Chung tweeted Friday December 09 afternoon that the two officials had reflected on the “twists and turns” of 2022, at the meeting.

Minister Sabry was recently in Washington D.C. where he US Secretary of State Antony Blinken.

A foreign ministry statement said the two officials held productive discussions at the Department of State on December 02 on further elevating bilateral relations in diverse spheres, including the 75th anniversary of diplomatic relations which will be marked in 2023.

Incidentally, Sri Lanka also celebrates the 75th anniversary of its independence from the British in 2023, and President Ranil Wickremesinghe has given himself and all parties that represent parliament a deadline to find a permanent solution to Sri Lanka’s decades-long ethnic issue.

The US has been vocal about Sri Lanka addressing concerns about its human rights record since the end of the civil war in 2009 and was a sponsor of the latest resolution on Sri Lanka passed by the United Nations Human Rights Council. Unlike previous resolutions, this year’s iteration makes specific reference to the country’s prevailing currency crisis and calls for investigations on corruption allegations.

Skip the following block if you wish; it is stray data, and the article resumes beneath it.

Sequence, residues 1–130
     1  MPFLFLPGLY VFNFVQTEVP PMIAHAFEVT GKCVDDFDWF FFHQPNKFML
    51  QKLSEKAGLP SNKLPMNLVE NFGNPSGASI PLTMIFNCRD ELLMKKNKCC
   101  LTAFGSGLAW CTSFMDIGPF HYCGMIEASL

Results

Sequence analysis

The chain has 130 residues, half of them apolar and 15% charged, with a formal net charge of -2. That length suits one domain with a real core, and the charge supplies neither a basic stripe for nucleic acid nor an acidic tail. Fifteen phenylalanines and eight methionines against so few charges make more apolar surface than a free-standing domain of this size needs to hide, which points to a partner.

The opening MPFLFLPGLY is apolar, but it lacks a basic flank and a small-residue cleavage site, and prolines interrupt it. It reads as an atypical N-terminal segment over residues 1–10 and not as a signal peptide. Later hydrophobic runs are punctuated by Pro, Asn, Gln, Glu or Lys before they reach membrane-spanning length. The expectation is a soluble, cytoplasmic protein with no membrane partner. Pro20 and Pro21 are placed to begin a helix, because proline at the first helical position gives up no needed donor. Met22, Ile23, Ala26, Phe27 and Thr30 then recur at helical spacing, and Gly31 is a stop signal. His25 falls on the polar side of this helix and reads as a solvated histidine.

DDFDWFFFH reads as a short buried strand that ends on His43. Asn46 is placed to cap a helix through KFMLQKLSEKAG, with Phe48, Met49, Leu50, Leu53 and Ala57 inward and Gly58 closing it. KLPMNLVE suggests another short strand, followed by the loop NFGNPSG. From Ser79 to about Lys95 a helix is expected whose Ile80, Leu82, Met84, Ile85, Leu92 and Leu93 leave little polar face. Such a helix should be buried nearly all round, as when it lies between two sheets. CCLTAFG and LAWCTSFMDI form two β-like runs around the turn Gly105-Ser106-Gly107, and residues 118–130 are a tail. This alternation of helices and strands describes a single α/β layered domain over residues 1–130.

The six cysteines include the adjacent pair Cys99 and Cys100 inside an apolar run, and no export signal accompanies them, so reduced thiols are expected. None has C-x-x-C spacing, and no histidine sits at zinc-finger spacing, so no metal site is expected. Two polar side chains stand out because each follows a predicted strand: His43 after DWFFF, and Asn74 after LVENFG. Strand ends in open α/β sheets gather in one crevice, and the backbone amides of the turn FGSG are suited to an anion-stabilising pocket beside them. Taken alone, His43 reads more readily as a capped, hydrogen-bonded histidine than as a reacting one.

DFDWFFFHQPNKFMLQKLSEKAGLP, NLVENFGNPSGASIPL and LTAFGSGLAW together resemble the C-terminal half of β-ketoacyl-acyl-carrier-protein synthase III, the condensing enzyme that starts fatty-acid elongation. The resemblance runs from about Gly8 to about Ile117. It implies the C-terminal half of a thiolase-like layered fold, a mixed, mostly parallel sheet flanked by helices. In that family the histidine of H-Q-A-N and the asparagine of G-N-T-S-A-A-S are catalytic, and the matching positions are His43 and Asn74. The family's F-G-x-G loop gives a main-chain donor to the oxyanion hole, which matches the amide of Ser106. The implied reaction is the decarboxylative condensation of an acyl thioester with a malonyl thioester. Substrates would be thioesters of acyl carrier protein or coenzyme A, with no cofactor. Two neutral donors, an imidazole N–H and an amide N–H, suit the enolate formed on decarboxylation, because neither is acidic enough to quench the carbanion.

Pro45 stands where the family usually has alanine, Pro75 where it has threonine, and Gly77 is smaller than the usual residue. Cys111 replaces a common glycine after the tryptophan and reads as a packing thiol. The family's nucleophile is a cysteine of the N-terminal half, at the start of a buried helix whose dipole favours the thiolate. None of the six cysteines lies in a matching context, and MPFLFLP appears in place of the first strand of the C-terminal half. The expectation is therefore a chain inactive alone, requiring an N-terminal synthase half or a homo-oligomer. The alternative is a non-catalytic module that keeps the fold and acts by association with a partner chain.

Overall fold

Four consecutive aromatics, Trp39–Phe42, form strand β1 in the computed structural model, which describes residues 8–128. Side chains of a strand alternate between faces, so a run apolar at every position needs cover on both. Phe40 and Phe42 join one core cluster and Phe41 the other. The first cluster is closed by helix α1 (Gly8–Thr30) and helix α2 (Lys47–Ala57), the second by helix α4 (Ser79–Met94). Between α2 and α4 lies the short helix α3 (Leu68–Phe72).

In the lead up to the UNHRC sessions in Geneva, Minister Sabry Sri Lanka’s government under then new president Wickremesinghe does not want any confrontation with any international partner but will oppose any anti-constitutional move forced upon the country.

On the eve of the sessions on October 06, Sabry said countries such as the United States and the United Kingdom, who led the UNHRC core group on Sri Lanka, are greatly influenced by domestic-level lobbying by pressure groups from the Sri Lankan Tamil diaspora.

These pronouncements notwithstanding, the Wickremesnghe government has been making inroads to the West as well as India and Japan, eager to obtain their assistance in seeing Sri Lanka through the ongoing crisis.

The island nation has entered into a preliminary agreement with the International Monetary Fund (IMF) for an extended fund facility of 2.9 billion dollars to be disbursed over a period of four years, subject to a successful debt restructure programme and structural reforms.

Much depends on whether or not China agrees to restructure Sri Lanka’s 7.4 billion dollar outstanding debt to the emerging superpower. Beijing’s apparent hesitance to go for a swift restructure prompted Tamil National Alliance MP Shanakiyan Rasamanickam to warn of possible “go home, China” protests in Colombo, similar to the wave of protests that forced the exit of former pro-China President Gotabaya Rajapaksa.

The TNA will be a key player in upcoming talks with the Wickremesinghe government on a solution to Sri Lanka’s ethnic issue. (Colombo/Dec09/2022)